If you have both a male and female dog in your home, your male dog is going to lose his little puppy mind when your female goes into heat. You may find your male dog whining all the time, becoming a bit aggressive, and frequently getting agitated and antsy. These behaviors are perfectly normal when the urge to reproduce takes over, but that doesn't mean they're acceptable. Fortunately, there are ways to calm down your male dog.
How to Calm a Male Dog When a Female Is in Heat
Keep them separated
The simplest solution for keeping your male dog calm when your female goes into heat is separating them. The less exposure your male dog has to your female, the fewer opportunities he will have to bask in her pheromones and decide he's ready for action. Keep the dogs as far away from each other as you possibly can, housing them on separate floors or sides of the house.
You can also put some distance between your dogs by temporarily keeping the male in a safely fenced yard or outdoor kennel. If you go this route, make sure you put your male dog outside and keep the female indoors. A male dog can find a female in heat up to three miles away. If you put your female dog in the yard during her heat cycle, your property will attract tenacious male dogs determined to find a way to get to her.
If separating your dogs in your home isn't doing the trick, consider boarding one of them or sending your male dog to stay with a friend or family member. Rooming with a friend will be the least-expensive option and the most comfortable for your dog since your female's heat cycle may last up to three weeks.
Home remedies for a dog in heat
If separating your dogs proves difficult, try a doggie diaper. Readily available in pet stores, diapers collect any discharge from your female to keep her and your house clean. Collecting this discharge also helps to mask its smell, hopefully keeping your male dog calmer. Diapers also form a physical barrier that prevents mating should your dogs manage to get themselves in the same place at the same time.
It's also important to keep up with your housekeeping chores while your female is in heat. Any shared areas of the home or shared toys, blankets, or other items will carry your female's scent and arouse your male. You'll never eliminate the scent completely, but frequent cleaning helps minimize it.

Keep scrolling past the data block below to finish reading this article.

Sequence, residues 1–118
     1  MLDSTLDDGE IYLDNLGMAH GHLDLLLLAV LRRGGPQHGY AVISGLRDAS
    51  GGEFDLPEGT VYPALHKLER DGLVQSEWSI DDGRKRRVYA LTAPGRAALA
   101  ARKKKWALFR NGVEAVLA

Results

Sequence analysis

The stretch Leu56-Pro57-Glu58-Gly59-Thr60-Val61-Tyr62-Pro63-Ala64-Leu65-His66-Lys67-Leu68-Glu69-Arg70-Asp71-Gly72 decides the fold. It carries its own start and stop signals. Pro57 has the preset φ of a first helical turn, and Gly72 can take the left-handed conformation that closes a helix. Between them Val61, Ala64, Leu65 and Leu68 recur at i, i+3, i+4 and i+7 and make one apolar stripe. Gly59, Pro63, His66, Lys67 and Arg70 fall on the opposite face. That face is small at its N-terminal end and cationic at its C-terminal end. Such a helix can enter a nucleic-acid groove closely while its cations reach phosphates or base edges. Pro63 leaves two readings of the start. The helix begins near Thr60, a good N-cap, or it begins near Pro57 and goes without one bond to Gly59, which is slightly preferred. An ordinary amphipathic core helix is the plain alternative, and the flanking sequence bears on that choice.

Tire him out
Exercising your male dog rigorously and frequently can render him too tired to concern himself with your female dog's feminine wiles. Craft your workout plans carefully, however. If you plan to walk your male dog to tire him out, take a different route than you follow when walking your female dog. She will leave her hormones along any path she travels, so following her later with your male dog will cause more problems than it solves.
It may only take a lengthy game of fetch in the yard to exercise your male, but avoid places in the yard where your female has toileted or recently played. Play and exercise sessions with your male may work best on neutral territory, such as a local dog park.
Try odor maskers
If desired, you can try menthol sprays and other odor-masking agents to cover up the scent of a dog in heat. These sprays won't cover the scent completely, but they do reduce it and may calm your male. You might need to try multiple scents and formulas before you find one that works for your particular dog.
Consider spaying your dog
Spaying your dog prevents her from going into heat, thereby permanently solving the problem of what to do with your male when she enters her heat cycle. Spaying your dog before her first heat can also lengthen her life, reducing the risk of mammary and other types of cancers. At what age do dogs go into heat? Most have their first heat cycle at around six months of age and then go into heat once every six months thereafter.
If you wish to breed your female, you can opt to neuter your male dog rather than spaying your female. A neutered male won't notice her heat cycle the way an intact male will.